There’s only one thing that people signing up for a winter OCR think about: will there be water? Or rather, do I need to worry about getting hypothermia?

With most winter races whether or not there will be water is an unknown. Last year’s Spartan Winter races had no water at all, though it was snowing in the sub-zero temperatures.

Yet one race here in the UK boasts of its cold water obstacles. After all, the race day is always reserved for the last Sunday in January. Your adrenaline surge is guaranteed to be served with a side of chills, just look at this guy:

Tough guy the original cold water

Image credit: Tough Guy the Original

However, there’s a lot you can do to reduce your chance of serious injury through hypothermia.

I’ll talk you through my approach to cold water training as I prepare for this race. If you’ve seen the Rise of the Sufferests, you’ve guessed it right – the race I’m talking about is the Tough Guy. Think of it as a colder version of the Tough Mudder. The Arctic Enema x 1000. FFS!


The truth about hypothermia

Firstly, are you terrified of catching hypothermia? Almost everyone gets hypothermic at the Tough Guy – it would be weird if people didn’t, but they experience it at varying degrees. Many people prepare their bodies in the weeks leading up to event using cold thermogenesis (the body’s natural response of heating itself up and sustaining blood flow throughout the body in cold conditions).

The truth is that you should only be afraid if you’re not preparing for the cold water. You must prepare or you should stay at home.

The good news is, we’re here to help you prepare and with the race still 2 months away, you have time.


How to prepare for a cold water OCR

With cold water training you want to target especially your brown adipose fat areas which are responsible for burning white fat and thus regulating body temperature. When exposed to cold water, these tissue areas will condition the body to warm itself faster and more easily.

The reason cold water training is so hard is because these brown fat areas are the ones you least want to expose to the cold. In a cold shower, these are the last areas you’d put under the cold: your head and spine, neck and the collarbone region.

Yet these body parts that are the hardest to expose to cold, are the ones that contribute the most to getting you ready for the cold water. Gritting your teeth now will pay off hugely come January.


My cold water acclimatisation plan

is based on a cold shower routine. In the 1 month (minimum) leading up to the race, all my showers follow this schedule:

  • 4th week before race day – Shower starts with 30 seconds of cold water, then I switch to warm for as long as I like, and finish with another 30 seconds of cold water. The exception are post-workout showers: those are for me 100% cold.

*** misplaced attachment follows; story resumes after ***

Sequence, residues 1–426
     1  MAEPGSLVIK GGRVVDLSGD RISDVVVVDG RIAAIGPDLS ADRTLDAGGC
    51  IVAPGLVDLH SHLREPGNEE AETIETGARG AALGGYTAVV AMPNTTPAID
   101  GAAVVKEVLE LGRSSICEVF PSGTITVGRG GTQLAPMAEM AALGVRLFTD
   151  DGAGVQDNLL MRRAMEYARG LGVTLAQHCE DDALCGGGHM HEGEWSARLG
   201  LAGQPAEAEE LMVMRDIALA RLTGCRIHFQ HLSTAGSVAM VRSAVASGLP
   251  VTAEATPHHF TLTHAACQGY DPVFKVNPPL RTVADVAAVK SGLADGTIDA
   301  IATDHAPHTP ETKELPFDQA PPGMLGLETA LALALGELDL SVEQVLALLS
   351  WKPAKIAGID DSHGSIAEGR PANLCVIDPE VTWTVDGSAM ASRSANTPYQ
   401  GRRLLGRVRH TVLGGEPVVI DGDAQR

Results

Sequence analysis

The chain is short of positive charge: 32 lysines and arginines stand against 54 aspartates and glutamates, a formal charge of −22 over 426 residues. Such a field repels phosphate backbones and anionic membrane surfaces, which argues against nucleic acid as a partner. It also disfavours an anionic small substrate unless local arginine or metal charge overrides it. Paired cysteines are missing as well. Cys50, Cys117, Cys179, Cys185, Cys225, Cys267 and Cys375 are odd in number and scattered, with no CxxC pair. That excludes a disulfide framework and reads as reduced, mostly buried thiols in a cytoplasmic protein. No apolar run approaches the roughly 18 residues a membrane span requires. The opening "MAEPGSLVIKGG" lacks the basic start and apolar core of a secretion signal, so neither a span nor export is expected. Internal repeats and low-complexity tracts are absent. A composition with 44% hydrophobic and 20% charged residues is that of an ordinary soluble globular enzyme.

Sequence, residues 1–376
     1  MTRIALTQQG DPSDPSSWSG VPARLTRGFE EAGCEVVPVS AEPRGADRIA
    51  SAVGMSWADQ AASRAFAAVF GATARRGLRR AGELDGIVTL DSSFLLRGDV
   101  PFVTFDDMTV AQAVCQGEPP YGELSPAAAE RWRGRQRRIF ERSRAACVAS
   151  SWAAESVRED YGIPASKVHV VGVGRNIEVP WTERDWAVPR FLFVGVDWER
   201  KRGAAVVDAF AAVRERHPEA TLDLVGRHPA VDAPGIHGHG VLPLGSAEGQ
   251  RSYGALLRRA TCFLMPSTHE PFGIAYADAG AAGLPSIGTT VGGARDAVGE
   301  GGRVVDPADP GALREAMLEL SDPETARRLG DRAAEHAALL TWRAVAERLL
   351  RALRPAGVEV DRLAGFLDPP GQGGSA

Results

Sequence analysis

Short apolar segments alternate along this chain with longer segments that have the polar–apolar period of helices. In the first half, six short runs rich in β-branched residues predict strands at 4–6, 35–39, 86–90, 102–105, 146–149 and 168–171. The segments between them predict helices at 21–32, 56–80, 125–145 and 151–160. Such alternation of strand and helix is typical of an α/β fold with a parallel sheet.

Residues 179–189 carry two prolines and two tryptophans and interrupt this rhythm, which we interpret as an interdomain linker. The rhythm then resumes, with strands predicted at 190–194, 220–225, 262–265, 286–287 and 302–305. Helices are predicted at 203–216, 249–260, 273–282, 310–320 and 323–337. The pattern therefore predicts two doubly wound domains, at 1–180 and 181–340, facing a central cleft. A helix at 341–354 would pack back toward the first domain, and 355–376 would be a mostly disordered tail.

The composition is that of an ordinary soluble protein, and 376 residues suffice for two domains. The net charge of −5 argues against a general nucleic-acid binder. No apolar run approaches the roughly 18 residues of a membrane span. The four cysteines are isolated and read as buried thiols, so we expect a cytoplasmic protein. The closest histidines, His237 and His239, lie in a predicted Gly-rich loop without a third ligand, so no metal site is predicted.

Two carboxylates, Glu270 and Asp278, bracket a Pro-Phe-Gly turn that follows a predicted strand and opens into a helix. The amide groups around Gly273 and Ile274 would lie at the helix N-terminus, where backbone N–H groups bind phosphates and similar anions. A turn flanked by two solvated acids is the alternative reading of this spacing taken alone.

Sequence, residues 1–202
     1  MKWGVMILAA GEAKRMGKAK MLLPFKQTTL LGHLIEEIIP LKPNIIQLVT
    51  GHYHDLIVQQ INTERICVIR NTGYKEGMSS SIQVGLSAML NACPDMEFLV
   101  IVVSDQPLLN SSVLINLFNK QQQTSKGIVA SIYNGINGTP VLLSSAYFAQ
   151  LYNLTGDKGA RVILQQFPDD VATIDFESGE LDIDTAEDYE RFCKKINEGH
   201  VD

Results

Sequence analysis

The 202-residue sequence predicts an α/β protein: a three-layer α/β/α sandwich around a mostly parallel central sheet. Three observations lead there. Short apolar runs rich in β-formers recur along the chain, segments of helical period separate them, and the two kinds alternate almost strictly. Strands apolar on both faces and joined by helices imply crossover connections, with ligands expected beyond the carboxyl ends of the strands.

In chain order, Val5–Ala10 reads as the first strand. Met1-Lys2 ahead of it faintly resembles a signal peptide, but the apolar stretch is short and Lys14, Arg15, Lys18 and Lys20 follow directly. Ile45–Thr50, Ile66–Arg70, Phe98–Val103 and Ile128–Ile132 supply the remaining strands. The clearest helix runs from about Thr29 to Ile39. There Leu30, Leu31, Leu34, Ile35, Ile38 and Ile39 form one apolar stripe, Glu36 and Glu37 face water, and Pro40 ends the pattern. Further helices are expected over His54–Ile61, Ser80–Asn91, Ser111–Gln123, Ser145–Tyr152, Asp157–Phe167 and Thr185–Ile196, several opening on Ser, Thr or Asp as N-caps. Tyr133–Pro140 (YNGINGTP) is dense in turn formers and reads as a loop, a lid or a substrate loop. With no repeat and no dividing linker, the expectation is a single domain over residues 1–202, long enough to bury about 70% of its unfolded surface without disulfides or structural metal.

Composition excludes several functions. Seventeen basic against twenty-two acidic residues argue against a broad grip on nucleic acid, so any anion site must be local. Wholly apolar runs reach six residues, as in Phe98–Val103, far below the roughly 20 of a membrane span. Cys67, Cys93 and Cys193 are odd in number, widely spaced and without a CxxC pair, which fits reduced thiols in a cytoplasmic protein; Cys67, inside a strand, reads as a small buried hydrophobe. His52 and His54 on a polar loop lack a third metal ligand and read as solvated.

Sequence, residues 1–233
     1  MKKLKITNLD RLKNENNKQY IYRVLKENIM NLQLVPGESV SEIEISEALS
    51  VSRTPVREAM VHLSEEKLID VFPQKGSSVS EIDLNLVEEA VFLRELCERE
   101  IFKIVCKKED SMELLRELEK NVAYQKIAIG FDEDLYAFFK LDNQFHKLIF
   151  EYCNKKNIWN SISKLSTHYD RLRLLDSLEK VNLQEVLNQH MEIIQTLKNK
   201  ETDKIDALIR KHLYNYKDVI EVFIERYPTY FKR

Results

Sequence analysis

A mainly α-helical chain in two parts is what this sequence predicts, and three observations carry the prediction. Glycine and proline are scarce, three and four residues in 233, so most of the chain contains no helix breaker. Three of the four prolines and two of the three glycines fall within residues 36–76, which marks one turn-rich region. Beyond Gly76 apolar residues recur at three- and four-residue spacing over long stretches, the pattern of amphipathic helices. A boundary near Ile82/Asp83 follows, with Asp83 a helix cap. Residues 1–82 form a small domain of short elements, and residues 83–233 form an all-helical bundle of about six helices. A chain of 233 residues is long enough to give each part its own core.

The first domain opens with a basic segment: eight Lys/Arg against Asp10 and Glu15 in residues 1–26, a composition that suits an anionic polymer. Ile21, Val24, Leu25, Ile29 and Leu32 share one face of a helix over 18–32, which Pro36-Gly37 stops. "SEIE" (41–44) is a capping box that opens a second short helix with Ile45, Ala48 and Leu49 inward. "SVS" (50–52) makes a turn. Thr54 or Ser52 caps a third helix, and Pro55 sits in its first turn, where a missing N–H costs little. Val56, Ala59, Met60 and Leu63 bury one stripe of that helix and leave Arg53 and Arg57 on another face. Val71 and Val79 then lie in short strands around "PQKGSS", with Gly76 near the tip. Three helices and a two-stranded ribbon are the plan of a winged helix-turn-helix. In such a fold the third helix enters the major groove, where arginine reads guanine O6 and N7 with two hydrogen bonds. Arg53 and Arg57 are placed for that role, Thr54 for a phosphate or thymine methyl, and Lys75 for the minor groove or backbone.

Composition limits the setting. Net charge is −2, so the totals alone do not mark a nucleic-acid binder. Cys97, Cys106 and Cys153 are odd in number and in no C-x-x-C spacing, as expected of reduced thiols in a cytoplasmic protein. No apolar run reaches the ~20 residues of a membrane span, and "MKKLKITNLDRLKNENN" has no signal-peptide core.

• 3rd week before race day – Shower starts with 1 minute of cold water (again making sure to expose all of my brown fat areas for the whole duration of cold water), and then I shower in warm water for as long as I like.
  • 2nd week before race day – Shower in cold water and finish with 30 seconds of warm water.
  • The week before race day – The whole shower is spent in cold water and I’ll add a 20-minute ice bath on one day (after a longer run). If I’ll have more time, I might increase the time spent in the ice bath, but the full cold showers should be enough to help me prepare for the sub zero temperatures.



If you want to attempt this or a similar plan, please do consult your doctor if you need to. Don’t stay in cold water unsupervised, especially if you’re putting your head under water in the ice bath (I’ll always have someone with me).

Other things to consider adding to your cold water training:

  • You can also expose yourself to the cold while running – for example, run through a river or a big puddle of water then continue your run or workout as usual.
  • Fire-breathing (a pattern of rapid shallow breaths followed by holding the breath) can also help your reaction to cold water. I’ve found that the cold shower routine alone is already good enough to get me ready for exposure to cold water in the wild.


Bonus: What to wear for a cold water OCR

  • Wear a warm hat and merino wool socks. Remember that body heat escapes primarily through the head and feet, so dress accordingly. A hat with a swimming cap underneath and neoprene socks should do you just fine.
  • Consider wearing a wetsuit – 1-3mm of neoprene should allow for plenty of movement and keep the body warm.
  • Wear compression to avoid retaining water on you. Usually it’s sweat-wicking so you’ll dry quicker which means lower risk of hypothermia. Even if you’re wearing a wetsuit, consider wearing some compression underneath.


Ready to face the cold?


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